I think the JMR, I keep going back to that, but we’ve got something new flying in four and a half years.

We’ve learned from the [failed] Comanche program, that we have to put it in a competitive environment and we have to prototype early and often. And then we have to pick our requirements and stick to our requirements.

There’s not going to be requirements drift; there’s going to be a lot of prototyping to get after solutions and we feel we have some great knowledge technically. The technical readiness is there to pursue an advanced rotorcraft.

You are focused on a Shadow replacement right now. Can you talk a little bit about what you’re doing with the Future Tactical UAS?

The Future Tactical UAS solicitation went out last year. We were very pleased with the offerings. Again, folks came out and we put it in a buy-try-decide construct. We felt that there was quite a few potential FTUAS capabilities out there that were pretty well flown and ready to go. We had those industry partners come out to Dugway in December and January and do a competitive fly-off.

With that, FTUAS, we wanted to get after improving; not only doing what the Shadow does, but do what the Shadow does better. Do what the Shadow does, but then do it with a lower acoustic signature, do it with runway independence, and do it where we could fly it around on our organic assets. A CH-47 versus a C-130.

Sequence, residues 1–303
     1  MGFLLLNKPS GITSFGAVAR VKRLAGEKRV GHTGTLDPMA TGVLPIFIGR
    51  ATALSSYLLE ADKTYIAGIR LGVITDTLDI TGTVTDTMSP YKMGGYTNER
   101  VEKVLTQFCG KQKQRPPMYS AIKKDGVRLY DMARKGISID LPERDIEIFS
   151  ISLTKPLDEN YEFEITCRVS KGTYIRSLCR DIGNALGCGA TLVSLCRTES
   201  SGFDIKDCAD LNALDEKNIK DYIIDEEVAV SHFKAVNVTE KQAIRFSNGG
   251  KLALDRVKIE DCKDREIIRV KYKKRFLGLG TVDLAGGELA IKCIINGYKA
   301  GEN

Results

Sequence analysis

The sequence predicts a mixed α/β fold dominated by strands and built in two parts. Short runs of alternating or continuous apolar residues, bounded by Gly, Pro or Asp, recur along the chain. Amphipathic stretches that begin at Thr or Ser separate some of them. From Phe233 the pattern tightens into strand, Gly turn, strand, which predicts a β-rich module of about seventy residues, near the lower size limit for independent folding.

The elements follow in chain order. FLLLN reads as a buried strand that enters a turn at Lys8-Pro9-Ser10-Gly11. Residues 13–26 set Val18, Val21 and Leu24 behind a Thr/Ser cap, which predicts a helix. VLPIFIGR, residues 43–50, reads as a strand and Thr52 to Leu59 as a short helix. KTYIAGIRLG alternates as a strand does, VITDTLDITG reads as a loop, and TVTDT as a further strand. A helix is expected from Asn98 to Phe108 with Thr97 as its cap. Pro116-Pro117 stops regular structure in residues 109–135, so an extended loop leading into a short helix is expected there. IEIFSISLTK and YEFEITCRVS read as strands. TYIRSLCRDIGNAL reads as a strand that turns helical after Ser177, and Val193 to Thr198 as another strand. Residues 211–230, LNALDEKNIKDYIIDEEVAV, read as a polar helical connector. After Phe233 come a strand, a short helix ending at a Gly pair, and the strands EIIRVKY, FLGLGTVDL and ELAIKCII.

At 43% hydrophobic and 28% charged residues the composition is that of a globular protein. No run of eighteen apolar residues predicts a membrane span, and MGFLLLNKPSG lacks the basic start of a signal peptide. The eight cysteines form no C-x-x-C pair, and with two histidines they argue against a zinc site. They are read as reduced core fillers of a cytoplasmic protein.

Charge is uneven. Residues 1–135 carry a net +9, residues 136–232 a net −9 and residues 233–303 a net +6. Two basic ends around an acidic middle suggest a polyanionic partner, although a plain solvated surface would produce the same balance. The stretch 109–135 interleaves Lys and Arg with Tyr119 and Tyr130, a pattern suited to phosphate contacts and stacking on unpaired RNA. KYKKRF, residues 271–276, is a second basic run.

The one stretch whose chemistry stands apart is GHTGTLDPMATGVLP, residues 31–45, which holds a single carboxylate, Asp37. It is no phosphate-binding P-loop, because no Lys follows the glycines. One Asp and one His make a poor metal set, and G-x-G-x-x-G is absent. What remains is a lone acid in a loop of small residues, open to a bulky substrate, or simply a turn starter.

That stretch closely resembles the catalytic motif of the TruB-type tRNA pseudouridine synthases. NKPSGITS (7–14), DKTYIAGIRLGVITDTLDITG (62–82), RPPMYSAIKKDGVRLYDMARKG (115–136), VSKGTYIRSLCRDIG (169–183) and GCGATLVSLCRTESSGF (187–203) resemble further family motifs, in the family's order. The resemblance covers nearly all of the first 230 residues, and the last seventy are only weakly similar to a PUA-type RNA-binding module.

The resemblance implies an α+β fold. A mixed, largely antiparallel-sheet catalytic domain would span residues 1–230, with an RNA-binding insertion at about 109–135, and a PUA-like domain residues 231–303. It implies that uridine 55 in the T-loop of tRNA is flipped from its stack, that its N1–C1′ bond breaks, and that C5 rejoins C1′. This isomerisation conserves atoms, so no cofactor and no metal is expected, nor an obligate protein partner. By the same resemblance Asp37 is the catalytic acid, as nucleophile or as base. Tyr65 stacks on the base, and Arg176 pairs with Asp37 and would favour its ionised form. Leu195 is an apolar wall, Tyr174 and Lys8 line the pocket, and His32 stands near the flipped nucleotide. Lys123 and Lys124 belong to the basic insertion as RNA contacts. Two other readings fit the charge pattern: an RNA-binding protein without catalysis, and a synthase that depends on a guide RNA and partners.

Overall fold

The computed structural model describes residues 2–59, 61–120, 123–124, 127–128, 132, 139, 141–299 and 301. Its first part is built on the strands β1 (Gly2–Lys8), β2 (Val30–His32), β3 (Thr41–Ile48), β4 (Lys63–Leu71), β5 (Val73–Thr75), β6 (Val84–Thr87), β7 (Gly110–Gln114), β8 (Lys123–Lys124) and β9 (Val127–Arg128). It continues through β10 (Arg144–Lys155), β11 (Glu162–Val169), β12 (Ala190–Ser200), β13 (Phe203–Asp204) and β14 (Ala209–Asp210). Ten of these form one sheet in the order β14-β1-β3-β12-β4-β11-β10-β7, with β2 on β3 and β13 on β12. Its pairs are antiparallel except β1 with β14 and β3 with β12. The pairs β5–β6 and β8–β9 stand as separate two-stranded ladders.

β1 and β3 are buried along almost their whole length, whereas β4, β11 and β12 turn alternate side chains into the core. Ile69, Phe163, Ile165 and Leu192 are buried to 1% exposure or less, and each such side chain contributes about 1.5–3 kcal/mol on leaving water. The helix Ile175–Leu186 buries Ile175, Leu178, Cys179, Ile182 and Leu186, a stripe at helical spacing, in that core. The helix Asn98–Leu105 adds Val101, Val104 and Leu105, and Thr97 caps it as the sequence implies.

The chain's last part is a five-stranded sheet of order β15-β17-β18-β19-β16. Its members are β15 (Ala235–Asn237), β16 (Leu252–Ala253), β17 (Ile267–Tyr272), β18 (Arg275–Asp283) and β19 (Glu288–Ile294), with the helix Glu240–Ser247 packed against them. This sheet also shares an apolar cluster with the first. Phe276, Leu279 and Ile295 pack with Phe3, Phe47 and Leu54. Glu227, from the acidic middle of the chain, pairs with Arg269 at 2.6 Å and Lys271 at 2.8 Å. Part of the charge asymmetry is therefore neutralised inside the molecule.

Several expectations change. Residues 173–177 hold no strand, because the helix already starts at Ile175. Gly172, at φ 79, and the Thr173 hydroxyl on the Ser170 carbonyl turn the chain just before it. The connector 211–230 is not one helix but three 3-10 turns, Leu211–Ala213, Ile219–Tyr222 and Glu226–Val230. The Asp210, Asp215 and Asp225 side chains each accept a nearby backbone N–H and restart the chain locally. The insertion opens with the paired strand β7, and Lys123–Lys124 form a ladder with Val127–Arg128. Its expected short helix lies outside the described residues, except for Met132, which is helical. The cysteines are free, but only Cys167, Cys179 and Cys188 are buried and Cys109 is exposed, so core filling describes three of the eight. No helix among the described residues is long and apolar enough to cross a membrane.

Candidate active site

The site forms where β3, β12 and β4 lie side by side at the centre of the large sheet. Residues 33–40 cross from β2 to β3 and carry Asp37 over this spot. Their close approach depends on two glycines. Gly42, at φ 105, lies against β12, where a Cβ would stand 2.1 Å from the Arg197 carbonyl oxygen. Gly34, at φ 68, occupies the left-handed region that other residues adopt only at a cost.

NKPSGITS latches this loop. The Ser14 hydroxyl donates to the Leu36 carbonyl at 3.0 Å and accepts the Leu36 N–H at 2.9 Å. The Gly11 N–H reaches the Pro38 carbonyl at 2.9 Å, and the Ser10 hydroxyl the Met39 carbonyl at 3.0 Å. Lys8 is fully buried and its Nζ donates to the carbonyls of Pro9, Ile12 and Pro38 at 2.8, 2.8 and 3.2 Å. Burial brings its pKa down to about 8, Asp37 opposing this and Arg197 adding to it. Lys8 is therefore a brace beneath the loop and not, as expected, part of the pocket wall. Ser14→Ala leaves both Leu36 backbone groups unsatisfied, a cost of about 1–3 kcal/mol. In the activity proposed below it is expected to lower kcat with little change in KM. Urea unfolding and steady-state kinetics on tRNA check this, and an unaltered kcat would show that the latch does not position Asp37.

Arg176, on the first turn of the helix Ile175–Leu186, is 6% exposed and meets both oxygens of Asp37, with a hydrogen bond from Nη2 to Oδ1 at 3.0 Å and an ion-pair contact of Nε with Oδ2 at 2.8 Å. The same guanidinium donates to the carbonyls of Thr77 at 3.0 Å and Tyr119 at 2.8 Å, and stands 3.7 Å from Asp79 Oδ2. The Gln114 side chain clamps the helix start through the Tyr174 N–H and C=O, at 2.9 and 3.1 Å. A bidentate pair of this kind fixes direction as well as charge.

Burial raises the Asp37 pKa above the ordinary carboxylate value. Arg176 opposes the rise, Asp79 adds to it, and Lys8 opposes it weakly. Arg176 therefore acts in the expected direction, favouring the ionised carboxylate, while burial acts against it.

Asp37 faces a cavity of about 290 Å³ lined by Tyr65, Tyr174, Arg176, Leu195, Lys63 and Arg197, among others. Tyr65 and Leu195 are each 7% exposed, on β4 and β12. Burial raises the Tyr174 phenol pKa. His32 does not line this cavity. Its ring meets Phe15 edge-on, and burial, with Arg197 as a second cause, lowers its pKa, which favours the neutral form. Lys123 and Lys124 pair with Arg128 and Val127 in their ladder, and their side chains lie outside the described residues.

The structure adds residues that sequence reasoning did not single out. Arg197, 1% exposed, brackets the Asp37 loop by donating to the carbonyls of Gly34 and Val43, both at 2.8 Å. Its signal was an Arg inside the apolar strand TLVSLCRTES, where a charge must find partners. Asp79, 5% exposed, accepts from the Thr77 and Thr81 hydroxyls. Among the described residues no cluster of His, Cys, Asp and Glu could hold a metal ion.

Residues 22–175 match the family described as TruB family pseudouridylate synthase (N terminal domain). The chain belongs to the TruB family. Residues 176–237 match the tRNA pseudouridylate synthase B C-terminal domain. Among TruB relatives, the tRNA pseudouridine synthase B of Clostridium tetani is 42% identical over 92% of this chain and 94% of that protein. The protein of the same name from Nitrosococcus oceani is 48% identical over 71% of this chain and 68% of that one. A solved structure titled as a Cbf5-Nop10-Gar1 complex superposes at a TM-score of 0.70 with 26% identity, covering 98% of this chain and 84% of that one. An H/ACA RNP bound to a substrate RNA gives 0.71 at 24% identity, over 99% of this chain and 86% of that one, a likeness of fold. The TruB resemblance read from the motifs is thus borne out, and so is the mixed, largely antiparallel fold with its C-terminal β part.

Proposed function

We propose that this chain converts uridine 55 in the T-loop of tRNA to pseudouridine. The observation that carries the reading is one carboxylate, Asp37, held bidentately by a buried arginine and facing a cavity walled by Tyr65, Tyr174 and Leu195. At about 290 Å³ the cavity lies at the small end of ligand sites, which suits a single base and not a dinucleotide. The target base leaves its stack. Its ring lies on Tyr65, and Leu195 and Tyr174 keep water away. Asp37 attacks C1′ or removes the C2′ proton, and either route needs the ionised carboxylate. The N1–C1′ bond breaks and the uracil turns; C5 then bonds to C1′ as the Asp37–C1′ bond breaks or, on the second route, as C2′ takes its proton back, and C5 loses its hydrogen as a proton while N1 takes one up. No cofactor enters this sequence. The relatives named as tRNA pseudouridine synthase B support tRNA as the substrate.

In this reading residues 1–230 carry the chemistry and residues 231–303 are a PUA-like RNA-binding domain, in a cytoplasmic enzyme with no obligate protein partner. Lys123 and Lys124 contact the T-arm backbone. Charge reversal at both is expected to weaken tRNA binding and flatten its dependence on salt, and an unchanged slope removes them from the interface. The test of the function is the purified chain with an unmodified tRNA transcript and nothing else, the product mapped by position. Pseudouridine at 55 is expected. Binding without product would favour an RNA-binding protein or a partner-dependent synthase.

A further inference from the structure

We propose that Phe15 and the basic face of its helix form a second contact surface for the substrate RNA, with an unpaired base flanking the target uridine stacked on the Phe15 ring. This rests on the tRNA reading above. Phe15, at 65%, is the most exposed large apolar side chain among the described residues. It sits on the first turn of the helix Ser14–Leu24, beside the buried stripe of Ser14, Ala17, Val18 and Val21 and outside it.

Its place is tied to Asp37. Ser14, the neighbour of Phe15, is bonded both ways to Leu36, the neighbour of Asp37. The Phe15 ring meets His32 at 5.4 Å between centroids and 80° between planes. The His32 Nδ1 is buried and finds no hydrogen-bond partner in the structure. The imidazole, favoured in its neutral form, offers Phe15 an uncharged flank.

This new FTUAS competition in the buy-try-decide construct is going to inform our future requirement for a Shadow replacement.

And what are you going to be doing in terms of testing out these future tactical UAS in the future?

We plan on procuring six platoons worth of systems. Those systems will be put into [Army Forces Command] units in the BCT, so the Brigade Combat Team Shadow platoons. We’re buying them, and then we're going to have those soldiers try them in FY20. We’re going to have a test team and a data collection team follow those platoons. We’re going to see where we need to improve, see if the soldiers love it, see if commanders love it.

Each one of those platoons will fight the system in a combat training center rotation and we’ll get all that data and see how we can proceed.

But in FY21 we would exploit that for further operational shake-outs and further development and put that information back into our requirements.